The Sun Eats - Kristin Jorgensen

When ‘over the hill’ is a good thing

One of the very best parts about living in Sonoma is that downtown Napa is just a quick jaunt over the hill, a mere fifteen minutes away.  It seems that each time I buzz through downtown, usually on my way to slurp some oysters or pick up some other deliciousness at the Oxbow, there is a new scene-y looking dining spot tucked between more established places that I already love.

Downtown Napa, over the last few years, has gone from utterly seedy to only slightly seedy in certain spots, but absolutely delicious all the same. Following, find my short list of favorite spots, new and old, worth checking out now.

The Thomas is a new hipster hot spot located in a very cool, very old, historic building along the Napa River that has sadly sat empty since the early seventies.  There is a creepy story that hints at a haunting, but the wine chugging, skinny jean wearing crowd doesn’t seem to mind.  The building has been fabulously restored and decorated in simply the most fashionable style around.  The best part of the atmospheric, three-story dining room is the gorgeous, open air, rooftop space dotted with tables and a long wooden bar all glowing beneath strings of twinkling lights.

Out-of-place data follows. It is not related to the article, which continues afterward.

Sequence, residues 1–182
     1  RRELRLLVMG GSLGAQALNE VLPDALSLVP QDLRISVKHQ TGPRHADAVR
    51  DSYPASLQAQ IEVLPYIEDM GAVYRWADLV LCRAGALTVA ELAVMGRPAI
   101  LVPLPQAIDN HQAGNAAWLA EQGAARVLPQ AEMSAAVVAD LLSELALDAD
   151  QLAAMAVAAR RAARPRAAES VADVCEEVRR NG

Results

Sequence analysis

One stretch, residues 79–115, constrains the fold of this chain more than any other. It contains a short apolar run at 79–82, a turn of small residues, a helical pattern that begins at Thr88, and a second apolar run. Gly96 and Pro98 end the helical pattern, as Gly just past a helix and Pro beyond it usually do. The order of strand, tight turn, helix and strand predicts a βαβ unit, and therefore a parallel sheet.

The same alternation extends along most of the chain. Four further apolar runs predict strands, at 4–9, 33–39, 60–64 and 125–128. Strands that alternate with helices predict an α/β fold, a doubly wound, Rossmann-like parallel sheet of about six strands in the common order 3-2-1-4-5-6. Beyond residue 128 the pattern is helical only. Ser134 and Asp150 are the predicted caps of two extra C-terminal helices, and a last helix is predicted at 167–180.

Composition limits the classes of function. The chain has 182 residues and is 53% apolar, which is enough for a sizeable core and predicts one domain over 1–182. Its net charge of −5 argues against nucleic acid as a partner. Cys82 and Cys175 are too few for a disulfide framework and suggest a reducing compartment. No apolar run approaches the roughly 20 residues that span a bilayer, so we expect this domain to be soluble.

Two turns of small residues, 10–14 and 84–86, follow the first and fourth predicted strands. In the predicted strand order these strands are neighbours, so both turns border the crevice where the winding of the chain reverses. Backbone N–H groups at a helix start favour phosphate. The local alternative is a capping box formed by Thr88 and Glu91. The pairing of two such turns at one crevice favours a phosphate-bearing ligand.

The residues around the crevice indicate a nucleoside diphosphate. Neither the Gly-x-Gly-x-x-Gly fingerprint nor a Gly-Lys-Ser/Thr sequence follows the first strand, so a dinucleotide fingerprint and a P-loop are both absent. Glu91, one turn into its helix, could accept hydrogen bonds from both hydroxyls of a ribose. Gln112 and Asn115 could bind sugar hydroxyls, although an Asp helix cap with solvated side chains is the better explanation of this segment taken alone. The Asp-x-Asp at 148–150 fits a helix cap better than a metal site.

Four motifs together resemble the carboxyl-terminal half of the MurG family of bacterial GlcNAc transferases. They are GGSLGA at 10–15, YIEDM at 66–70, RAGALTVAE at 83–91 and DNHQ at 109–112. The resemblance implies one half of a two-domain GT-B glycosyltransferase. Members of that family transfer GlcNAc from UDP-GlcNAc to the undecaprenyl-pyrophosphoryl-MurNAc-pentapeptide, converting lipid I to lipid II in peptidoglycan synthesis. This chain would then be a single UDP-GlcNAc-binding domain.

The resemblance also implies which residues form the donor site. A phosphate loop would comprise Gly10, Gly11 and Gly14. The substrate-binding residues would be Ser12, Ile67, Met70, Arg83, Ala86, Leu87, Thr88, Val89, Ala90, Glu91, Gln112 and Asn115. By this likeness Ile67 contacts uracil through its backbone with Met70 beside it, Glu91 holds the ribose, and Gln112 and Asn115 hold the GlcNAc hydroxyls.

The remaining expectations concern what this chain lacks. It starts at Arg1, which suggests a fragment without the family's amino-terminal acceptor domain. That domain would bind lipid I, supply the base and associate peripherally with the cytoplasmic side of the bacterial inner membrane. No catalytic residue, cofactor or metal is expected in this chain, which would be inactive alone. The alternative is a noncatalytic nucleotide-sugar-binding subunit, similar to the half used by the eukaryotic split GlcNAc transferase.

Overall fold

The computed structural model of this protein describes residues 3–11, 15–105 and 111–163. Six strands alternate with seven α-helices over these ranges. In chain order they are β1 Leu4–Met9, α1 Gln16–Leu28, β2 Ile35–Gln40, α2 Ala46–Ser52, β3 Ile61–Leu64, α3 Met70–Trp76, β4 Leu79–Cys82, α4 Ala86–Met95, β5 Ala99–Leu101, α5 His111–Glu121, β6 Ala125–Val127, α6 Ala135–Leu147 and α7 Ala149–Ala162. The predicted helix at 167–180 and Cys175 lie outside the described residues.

The menu reads like a birthday wish list.  Think bone marrow on toast and classic French bistro seafood plateaus.  Everything about The Thomas feels festive and, since their opening, the food has never been prettier.  Sunday brunch is a particularly fun time to dine here, although no matter when you’re dining, it’s best to make reservations before heading over the hill.  Call The Thomas at 226.7821 to do so.

I am always a strange mix of happy and sad each time I visit downtown’s Norman Rose Tavern.  Happy, because I love it so much and sad, because I wish we had our very own Norman Rose right in our very own town.  If so, this is totally the spot that I would find myself frequenting religiously, burrowing into a big bowl of homemade soup or maybe one of their super fresh, super interesting salads.  The menu at Norman Rose is exactly what every neighborhood spot should be.  Beautifully presented things to share with a big glass of wine or a handcrafted cocktail, include a bubbly crock of cheesy-garlicky-spinach dip, homemade pickled veggies, über fresh Prince Edward Island mussels steamed in dark beer and aromatics, or pretty smoked salmon which arrives tenderly folded a top a generous portion of herb-flecked egg salad crostini.

If you’re feeling particularly cozy, definitely go for the all-natural Tavern burger.  About the best burger around, it is griddled to a nice, greasy goodness, decked out with the freshest of trimmings, all on a killer ABC Baking company potato bun.  I could go on and on about all the heavenly dishes here; casual, friendly, and fun, but prepared with the utter skill and care.  But, just go.  And eat.  A lot. Norman Rose Tavern is located at 1401 First Street.  Visit to drool over their menus.